As the consumerisation of IT takes a tighter grip on IT users' daily lives, and BYOD becomes an increasingly common way to work, the importance placed on developments in the devices market has grown, even in the last six months.
Here are Computing's 10 most hard-hitting stories in this period, covering everything from device launches to patent wars to stock price plummets in a market whose capacity for rapid change is matched only by the huge demand for its output.
Apple launched the iPad Mini back in October 2012 which, while it fair took the wind out of Microsoft's promotion of its Surface RT – which hit the streets just before – was arguably also the first time Apple hadn't so much innovated as jumped on the bandwagon with a tablet to try and take on 7in devices like Google's Nexus 7.
It's a sign of the times when even the inventor of the USB flash drive, Dov Moran, sounds the death knell for his own product.
Still, it's perhaps no wonder Moran wants to push the benefits of the cloud, moving as he is into an Android-based cloud TV business. But the fact remains: April 2013 was the date when the humble USB storage device was officially saluted to its grave in the first world, and officially downgraded it to developing world technology. "It's only just getting to South America, which is quite amazing," laughed Moran.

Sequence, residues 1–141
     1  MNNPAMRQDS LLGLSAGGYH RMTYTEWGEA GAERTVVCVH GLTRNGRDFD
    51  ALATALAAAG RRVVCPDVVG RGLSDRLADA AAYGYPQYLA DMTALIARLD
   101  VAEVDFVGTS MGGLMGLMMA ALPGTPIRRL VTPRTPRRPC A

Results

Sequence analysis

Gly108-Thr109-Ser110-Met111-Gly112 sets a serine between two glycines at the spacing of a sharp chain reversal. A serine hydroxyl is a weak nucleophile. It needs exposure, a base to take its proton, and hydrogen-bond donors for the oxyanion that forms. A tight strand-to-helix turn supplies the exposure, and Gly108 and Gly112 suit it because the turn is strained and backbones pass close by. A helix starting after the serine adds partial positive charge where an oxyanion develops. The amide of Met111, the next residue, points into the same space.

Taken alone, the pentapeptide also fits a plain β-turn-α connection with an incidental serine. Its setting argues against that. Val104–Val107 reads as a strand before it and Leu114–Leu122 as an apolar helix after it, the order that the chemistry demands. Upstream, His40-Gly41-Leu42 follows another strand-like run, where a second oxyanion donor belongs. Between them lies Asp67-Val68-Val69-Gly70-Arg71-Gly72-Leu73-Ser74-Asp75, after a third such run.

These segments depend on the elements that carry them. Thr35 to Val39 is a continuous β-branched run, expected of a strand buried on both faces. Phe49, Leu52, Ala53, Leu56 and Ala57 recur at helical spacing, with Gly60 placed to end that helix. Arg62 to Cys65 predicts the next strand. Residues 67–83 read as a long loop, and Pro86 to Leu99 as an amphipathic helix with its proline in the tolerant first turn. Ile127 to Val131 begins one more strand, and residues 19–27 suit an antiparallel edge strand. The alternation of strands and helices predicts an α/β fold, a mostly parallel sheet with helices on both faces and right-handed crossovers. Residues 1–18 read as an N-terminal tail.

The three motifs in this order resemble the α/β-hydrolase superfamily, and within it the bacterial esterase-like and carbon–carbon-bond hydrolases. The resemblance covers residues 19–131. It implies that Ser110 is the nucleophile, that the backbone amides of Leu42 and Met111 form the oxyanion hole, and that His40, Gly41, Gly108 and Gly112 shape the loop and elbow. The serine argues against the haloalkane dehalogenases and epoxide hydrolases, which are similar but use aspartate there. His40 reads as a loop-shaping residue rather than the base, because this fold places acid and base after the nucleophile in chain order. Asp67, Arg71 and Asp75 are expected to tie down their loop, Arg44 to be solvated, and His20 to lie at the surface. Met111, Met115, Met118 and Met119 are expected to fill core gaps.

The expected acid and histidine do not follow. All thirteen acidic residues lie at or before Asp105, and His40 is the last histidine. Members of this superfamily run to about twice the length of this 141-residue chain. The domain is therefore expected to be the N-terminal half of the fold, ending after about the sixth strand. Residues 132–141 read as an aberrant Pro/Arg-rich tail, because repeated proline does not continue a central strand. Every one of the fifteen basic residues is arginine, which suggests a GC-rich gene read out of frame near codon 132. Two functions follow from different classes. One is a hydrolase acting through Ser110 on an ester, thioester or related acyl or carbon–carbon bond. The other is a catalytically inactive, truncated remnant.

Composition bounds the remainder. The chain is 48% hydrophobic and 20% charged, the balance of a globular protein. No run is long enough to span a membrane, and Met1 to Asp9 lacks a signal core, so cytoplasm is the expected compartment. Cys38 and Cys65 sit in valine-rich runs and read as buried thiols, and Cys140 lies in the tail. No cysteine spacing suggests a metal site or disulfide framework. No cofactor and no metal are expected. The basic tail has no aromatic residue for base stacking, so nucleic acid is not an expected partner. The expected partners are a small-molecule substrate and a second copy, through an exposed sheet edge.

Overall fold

While Computing had reported on Bolton-based secondary school ESSA Academy's futuristic approach to education, it was only when we got our cameras there that we witnessed the true effect 600 iOS devices can have on teaching.
With a ‘hot-desking' approach to educational spaces, VoIP communications throughout the premises and paper textbooks almost non-existent, ESSA has become an international template of the future of education when technology is thoughtfully embraced.
"Project Glass" – or Google Glass at it came to be known – looked for a year or so like nothing more than a bulky, science fiction fantasy from the company who brought you the self-driving car and ill-faited social network Google Buzz.
But as the technology began to fall into the hands of specially-recruited testers, and daily life with the device began to be recorded and shared, it has become clear that Google Glass could be a serious innovation. It certainly carries more weight as ‘the next best thing' than a handful of mobile phone-syncing watches, which seems to be all the competition can manage right now.
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